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Builder Magazine Features HERS® Index

Sep 9, 2019

On August 16, 2019, Builder Magazine posted the feature,” How Low Can You Go? An Inside Look into HERS Scores“.  The story finds that “The Home Energy Rating System—known best as HERS—is helping to provide a competitive advantage, improve quality assurance, and drive energy efficiency in U.S. housing stock.”

The feature explains the HERS Index and highlights builders who have their homes HERS rated.

Florida appraiser Sandra Adomatis (keynote speaker at the 2019 RESNET Conference) was quoted, “You would never buy a car without test-driving it or knowing how many miles per gallon it gets, yet we make the largest investment in our lives without either – that a ‘lightbulb’ moment.  HERS is helping to move the public to a low-carbon residential market.”

The magazine notes that “A HERS rater’s additional scrutiny provides homes with an extra level of quality assurance.”  It quotes RESNET’s Ryan Meres, “It’s an extra set of eyes that are looking for any potential energy-related issues, and this can save the builder on callbacks, which cost a lot of time and money.”

The story also highlights the following HERS Raters and RESNET builders:

New Tradition Homes (September Builder of the Month): “The first step is to seek out a qualified HERS rater, and use them as a consultant to help you in the process,” says Steve Tapio, project manager and building science team leader at New Tradition Homes in Washington state, which ranked No. 149 on the latest Builder 100 list. “For those who are just starting out, it can be very daunting. But the HERS raters will tell you what will get you the most bang for the buck.” In our area, we have to try to meet the prices of similarly sized homes with similar amenities, but energy efficiency is a key differentiator for us. We have consistently held on to a larger market share over our competitors in volume and dollar amounts. Our margin isn’t as large, but we make up for it in volume.”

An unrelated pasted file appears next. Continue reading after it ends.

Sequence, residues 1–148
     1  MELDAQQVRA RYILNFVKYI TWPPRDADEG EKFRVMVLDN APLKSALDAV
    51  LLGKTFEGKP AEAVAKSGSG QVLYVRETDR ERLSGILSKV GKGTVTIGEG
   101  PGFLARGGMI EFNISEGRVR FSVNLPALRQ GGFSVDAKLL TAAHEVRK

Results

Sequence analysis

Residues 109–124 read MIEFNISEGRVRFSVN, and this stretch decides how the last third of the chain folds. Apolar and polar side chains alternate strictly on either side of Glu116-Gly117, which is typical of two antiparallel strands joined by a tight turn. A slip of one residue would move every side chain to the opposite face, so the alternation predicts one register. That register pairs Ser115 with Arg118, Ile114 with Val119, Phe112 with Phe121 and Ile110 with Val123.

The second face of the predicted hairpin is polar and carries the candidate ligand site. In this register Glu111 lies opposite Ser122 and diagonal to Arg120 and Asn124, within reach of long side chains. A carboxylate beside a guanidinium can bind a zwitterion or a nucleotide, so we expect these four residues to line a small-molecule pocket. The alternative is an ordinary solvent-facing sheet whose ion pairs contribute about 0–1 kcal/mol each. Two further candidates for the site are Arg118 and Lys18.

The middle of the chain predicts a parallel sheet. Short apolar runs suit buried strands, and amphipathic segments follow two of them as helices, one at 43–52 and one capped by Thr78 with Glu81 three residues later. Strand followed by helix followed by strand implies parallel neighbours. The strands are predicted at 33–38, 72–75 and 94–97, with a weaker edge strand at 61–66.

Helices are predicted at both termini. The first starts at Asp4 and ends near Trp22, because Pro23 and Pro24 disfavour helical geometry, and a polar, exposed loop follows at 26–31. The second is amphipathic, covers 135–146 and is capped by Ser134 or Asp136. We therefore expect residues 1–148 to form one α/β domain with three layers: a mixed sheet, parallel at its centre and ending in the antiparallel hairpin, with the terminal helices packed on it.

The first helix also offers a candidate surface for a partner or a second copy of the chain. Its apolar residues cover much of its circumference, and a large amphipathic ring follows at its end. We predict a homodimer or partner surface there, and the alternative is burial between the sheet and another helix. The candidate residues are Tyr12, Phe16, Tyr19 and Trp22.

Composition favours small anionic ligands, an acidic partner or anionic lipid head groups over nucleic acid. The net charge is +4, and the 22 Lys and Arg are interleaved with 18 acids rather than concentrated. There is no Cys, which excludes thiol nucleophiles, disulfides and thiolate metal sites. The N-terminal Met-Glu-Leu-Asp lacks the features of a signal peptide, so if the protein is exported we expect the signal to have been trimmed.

Desert Skies EnergyHERS Rater Stephen Mogowski of Desert Skies Energy, who works with more than 200 custom home builders in Phoenix and Scottsdale, Ariz., says he sees some sort of problem with ductwork or insulation in about one in every two homes he tests. “You cannot believe the problems in modern construction,” says Mogowski. “Everything can look like it’s installed great, but if you’re not doing due diligence, things will get missed.” The cost of getting a HERS rating varies depending on production volume and other factors, but expect to pay $400 to $800 and up.

Energy Diagnostics: Even in more moderate climates, insulation and air sealing are important for maintaining consistent, comfortable temperatures. Careful air sealing in the proper locations is the “low-hanging fruit,” says Matt Gingrich, director of quality assurance and training at Energy Diagnostics, which does HERS ratings for builders in Indiana, Illinois, and Michigan. A close second in priority is insulation.

McAllister Construction: “Anyone can say they build an energy-efficient house, but having third-party certification makes a huge difference,” says Jason McAllister of McAllister Construction, a custom home builder in Amherst, Ohio, who is currently working on a subdivision of 27 townhomes that will all be HERS-rated. “The buyer knows that you’re not just trying to blow smoke.”

Blue Sky Homes:  “When Nick Blue of Blue Sky Homes, a builder and developer in Phoenix, decided to focus on “future-proofing” his company’s homes and increasing their energy efficiency, his first step was to get a HERS (Home Energy Rating System) score. “We thought, “Let’s take a test to see how we’re doing,’ and we saw that we had a lot of room for improvement,” he says.  At the time, the company was simply building to code and the HERS score it received, in the mid-70s, reflected that. After working with a HERS rater as well as a third-party energy auditor on improvements such as passive solar orientation, spray-foam insulation, and LED lighting, Blue Sky’s homes are now all Energy Star–certified and have an average HERS score under 50. “HERS is fantastic—it’s really hard to hit a goal if you can’t hold your contractors accountable,” says Blue.  It’s “helpful for any builder to know where they stand initially, and then they can make their own determination about the cost-benefit tradeoffs. But every builder should know how efficient their homes are.”

To download the story go to https://www.builderonline.com/building/building-science/how-low-can-you-go-an-inside-look-into-hers-scores_o